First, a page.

With new funds provided by the Government of Canada, WMO and its partners are stepping up efforts to support disaster risk reduction in Small Island Developing States (SIDS) and Southeast Asia.
Environment and Climate Change Canada (ECCC) has allocated CAD 10 million (US$ 7.5 million) to the project entitled “Building Resilience to High-Impact Hydro-meteorological Events through Strengthening Multi-Hazard Early Warning Systems in SIDS and South East Asia. The grant represents Canada`s institutional support to the Climate Risk and Early Warning Systems (CREWS) initiative.
Running until March 2021, the project will strengthen weather-, climate- and water-related impact-based decision support services and so help protect lives and property. The beneficiary countries in Southeast Asia are Cambodia, Lao People’s Democratic Republic, the Philippines, Thailand, and Viet Nam.
Much of this will be achieved through sponsoring WMO flagship activities such as the Severe Weather Forecasting Demonstration Project and the Flash Flood Guidance System in support of wider WMO strategic objectives on disaster risk reduction and service delivery.
Specifically, the project aims to:
- Review capabilities, gaps and needs in relation to risk analysis and forecasting tools for severe weather, flash/riverine floods and drought, including a stock-taking of actors involved and of relevant on-going projects;
- Strengthen governance arrangements and coordination/communication mechanisms within and among the participating National Meteorological and Hydrological Services (NMHSs) and stakeholders in all sectors;
- Upgrade the forecasting capabilities of the Regional Forecast Support Centre (RFSC) in Ha Noi, Viet Nam to access and use global and regional data, products and tools; and,
- Provide regional and in-country technical assistance to the NMHSs to develop and deliver impact-based warnings, products and services.
The first meeting of the Project Steering Committee for the Southeast Asia component took place at the National Hydro-Meteorological Service (NHMS) of Viet Nam in Ha Noi on 23 November 2017. It was preceded by meetings on Southeast Asia sub-projects of the Severe Weather Forecasting Demonstration Project and the Flash Flood Guidance System to ensure that these activities are streamlined. It was proposed that Viet Nam’s NHMS should be the Southeast Asia Flash Flood Guidance System’s regional centre, and this will be considered by the Government of Viet Nam.
Nguyen Linh Ngoc, Vice Minister, Ministry of Natural Resources and Environment (MONRE) of Viet Nam, said the project would contribute to enhancing regional and national facilities and capacities for strengthening multi-hazard early warning systems in Southeast Asia to facilitate the production of impact-based forecasts and risk-informed warnings of extreme weather and other high-impact hydro-meteorological events.
Tran Hong Thai, Deputy Director General of the NHMS of Viet Nam, said the project would increase capabilities of the participating countries, including Viet Nam, to cope with hydro-meteorological hazards. Northern Viet Nam recently experienced flash floods and landslides resulting in 200 deaths, and major flooding hit central Viet Nam due to Typhoon Damrey earlier in November.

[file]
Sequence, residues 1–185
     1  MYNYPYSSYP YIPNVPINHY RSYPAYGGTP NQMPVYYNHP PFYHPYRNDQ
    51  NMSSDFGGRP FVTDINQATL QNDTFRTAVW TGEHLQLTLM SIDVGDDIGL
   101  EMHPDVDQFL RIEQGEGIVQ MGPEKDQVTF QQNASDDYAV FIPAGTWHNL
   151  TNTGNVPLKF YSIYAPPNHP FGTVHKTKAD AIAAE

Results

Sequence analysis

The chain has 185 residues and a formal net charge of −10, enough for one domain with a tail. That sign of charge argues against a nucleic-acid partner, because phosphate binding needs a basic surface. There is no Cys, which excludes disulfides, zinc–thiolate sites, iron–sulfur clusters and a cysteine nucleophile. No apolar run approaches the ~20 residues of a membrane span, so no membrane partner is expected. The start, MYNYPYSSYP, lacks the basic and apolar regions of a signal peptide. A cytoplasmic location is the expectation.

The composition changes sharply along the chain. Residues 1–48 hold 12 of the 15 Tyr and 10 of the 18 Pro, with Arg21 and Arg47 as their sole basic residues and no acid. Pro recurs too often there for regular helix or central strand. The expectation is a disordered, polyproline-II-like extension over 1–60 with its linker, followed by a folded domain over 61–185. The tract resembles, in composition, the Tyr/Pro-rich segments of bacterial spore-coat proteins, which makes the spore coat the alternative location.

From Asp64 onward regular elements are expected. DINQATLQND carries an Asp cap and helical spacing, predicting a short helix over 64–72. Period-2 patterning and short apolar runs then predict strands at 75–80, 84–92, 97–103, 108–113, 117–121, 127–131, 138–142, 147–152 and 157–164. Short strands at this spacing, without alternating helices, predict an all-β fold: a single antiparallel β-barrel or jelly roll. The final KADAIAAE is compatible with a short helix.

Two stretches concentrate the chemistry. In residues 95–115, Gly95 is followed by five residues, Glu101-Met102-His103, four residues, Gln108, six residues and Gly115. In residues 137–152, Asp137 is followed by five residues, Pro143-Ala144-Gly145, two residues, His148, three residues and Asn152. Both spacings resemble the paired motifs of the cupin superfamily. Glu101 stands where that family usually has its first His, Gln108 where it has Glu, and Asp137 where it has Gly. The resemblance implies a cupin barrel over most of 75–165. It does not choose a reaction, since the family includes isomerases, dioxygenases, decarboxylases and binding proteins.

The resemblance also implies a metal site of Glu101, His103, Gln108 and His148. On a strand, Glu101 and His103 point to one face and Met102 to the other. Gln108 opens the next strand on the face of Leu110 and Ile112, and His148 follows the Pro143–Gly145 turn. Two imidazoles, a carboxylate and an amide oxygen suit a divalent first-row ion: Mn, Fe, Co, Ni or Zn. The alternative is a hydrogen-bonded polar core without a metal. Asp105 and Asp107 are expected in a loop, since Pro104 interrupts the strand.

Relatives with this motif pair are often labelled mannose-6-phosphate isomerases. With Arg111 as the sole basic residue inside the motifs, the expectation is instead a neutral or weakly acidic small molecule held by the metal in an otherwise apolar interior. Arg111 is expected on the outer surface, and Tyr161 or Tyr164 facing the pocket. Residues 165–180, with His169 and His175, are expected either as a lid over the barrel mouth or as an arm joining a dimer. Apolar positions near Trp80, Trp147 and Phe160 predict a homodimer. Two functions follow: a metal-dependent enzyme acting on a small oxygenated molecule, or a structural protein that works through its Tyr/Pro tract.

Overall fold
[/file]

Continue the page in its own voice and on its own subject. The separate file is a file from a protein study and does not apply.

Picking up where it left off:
“WMO hopes that these projects will empower participating National Meteorological and Hydrological Services to maintain effective multi-hazard early warning systems with greater accuracy, more advance notice and in a manner that is more responsive to the needs of users, including disaster management and civil protection agencies, the media and the general public,” said Abdoulaye Harou, Chief of WMO’s Data Processing and Forecasting Division.
The major outcomes were agreements on: i) the governance structure and implementation plans of the Project, ii) reviewing the demonstration phase of the Severe Weather Forecasting Demonstration Project in Southeast Asia which started in January 2016, considering the sub-project’s transition to operations in the near future, iv) developing the Southeast Asia Flash Flood Guidance System, and v) maintaining strong linkages between and undertaking parallel implementation of the two sub-projects.
Southeast Asian Climate Outlook Forum
The project also sponsored the 9th Session of the Association of Southeast Asian Nations (ASEAN) Climate Outlook Forum, which took place from 15 to 17 November in Ha Noi. It resulted in a consensus climate outlookfor the period December 2017 to February 2018 (DJF).
“There is chance of a weak La Niña forming in late 2017 of at least 60%, around double the normal likelihood for La Niña. If it forms, the event is not expected to last beyond March 2018. While varying in local impacts, La Niña events are generally associated with wetter-than-average rainfall conditions over the ASEAN region, especially in the southern and eastern halves of the region,” according to the outlook.
Taking into consideration the present status of the climate conditions affecting Southeast Asia, the forecasts available from the Global Producing Centres (GPCs) and other global centres, and the national-level assessment from the NMHSs, the Forum agreed on the following consensus-based outlook for the DJF 2017- 2018 season for Southeast Asia.
For the upcoming boreal winter monsoon season (DJF 2017-2018), above normal rainfall is favoured over the eastern Maritime Continent, southern Viet Nam, and central and southern Thailand. Below normal rainfall is slightly favoured over western Borneo and northern Mainland Southeast Asia. Elsewhere near normal rainfall is favoured.
Above normal temperatures are favoured over much of the Southeast Asia region for the upcoming boreal winter monsoon season (DJF 2017-2018), with the highest probabilities over the eastern Maritime Continent, northern Mainland Southeast Asia, and Sumatra. Below normal temperatures are favoured over the northern Philippines and southern Viet Nam.